Perhaps, as St Luke records, the fact that the apostles were sleepy suggests it was night time. Jesus went there to be apart, to pray, to commune with his Father. On the mountain Jesus meets with Moses and Elijah. Moses personifies the Law - the Law is a kind of incarnation of God, and that's why the tablets of stone were honoured and carried around in the Ark. When Moses meets God on the mountain top the glory of God is so brilliant he has to keep his face covered as he returns to the Israelites. Elijah, the great prophet, who was assumed into heaven in a whirlwind, was thought by the Jews to return one day to prepare the way for the coming of the Messiah. They both converse with Jesus; they, the great Jewish heroes who lived centuries apart, talk with God himself. It would seem that they spoke together of Jesus' destiny to go to Jerusalem, to face his passion and life-giving death. The Transfiguration showed to the 3 specially chosen apostles, Peter, James and John, that Jesus was who he claimed to be. This was confirmed by the Father, speaking from the cloud – the cloud standing for the shechinah, which is nothing less than the glory of Almighty God - that Jesus was the fulfilment of the Law and the Prophets. From now on it was clear that faith in Jesus was more important than keeping the Law.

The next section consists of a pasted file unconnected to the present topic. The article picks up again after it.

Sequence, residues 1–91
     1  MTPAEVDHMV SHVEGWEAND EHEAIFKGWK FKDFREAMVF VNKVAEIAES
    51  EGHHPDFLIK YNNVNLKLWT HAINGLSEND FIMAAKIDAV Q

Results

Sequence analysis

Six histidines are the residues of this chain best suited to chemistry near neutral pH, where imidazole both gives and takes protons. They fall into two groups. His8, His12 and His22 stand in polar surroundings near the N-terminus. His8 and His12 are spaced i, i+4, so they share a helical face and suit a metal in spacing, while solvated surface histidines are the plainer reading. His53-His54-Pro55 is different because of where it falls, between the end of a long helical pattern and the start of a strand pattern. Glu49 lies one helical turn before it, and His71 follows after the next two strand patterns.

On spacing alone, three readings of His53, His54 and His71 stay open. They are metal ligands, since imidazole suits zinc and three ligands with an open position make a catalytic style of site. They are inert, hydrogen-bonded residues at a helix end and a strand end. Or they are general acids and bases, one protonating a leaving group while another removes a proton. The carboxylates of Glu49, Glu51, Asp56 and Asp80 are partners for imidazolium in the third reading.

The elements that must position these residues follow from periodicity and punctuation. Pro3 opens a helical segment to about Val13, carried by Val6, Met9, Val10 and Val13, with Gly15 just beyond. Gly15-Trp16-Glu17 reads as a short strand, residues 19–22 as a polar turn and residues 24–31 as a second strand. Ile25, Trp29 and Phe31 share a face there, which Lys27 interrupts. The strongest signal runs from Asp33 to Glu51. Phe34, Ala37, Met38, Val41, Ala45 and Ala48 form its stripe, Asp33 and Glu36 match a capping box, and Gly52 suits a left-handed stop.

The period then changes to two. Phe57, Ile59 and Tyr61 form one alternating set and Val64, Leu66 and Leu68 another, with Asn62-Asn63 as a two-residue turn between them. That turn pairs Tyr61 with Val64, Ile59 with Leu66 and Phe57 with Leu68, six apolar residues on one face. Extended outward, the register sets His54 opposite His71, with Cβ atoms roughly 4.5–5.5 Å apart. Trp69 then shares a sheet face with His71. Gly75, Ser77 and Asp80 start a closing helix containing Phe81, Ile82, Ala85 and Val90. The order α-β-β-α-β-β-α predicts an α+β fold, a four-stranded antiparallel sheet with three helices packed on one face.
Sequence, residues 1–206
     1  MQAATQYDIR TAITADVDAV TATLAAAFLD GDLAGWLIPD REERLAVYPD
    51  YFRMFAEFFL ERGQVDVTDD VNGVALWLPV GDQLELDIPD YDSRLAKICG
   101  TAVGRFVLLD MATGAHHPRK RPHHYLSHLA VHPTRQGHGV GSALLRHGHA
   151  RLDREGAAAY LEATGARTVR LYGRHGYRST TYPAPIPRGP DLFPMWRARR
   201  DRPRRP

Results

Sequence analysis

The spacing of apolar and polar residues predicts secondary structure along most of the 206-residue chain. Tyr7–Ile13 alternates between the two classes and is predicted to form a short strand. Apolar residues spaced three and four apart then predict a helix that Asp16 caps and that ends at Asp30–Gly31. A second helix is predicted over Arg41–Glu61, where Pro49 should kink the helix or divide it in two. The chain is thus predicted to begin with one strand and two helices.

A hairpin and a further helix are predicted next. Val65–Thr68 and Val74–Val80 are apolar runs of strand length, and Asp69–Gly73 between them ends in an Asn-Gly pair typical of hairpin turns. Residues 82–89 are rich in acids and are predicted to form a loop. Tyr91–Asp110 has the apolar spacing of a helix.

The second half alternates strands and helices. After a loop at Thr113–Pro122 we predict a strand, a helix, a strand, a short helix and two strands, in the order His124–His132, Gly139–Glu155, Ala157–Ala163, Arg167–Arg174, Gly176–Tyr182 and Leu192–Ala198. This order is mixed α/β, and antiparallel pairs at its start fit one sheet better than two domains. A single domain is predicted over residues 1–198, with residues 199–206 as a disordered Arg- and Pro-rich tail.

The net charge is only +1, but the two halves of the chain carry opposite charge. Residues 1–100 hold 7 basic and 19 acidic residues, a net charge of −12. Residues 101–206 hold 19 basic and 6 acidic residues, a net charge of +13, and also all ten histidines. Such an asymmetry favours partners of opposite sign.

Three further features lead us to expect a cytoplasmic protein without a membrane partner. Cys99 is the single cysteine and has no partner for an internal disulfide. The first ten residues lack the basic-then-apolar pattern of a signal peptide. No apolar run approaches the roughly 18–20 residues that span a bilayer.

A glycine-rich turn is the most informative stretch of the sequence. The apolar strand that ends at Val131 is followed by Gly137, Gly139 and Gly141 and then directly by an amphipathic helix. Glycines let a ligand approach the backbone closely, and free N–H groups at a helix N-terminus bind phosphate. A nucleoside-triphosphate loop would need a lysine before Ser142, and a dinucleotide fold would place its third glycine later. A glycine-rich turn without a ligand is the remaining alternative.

Peter's well intentioned response was, as was so often the case with him, both right and wrong. He wanted to make three tents, one for Jesus, and one each for Moses and Elijah. As it were, he wanted to hold on to the moment of glory. As Luke tells us, 'He didn't know what he was saying.' Peter's good intention can be akin to our own in spiritual moments. In this world we can't hold on to the glory.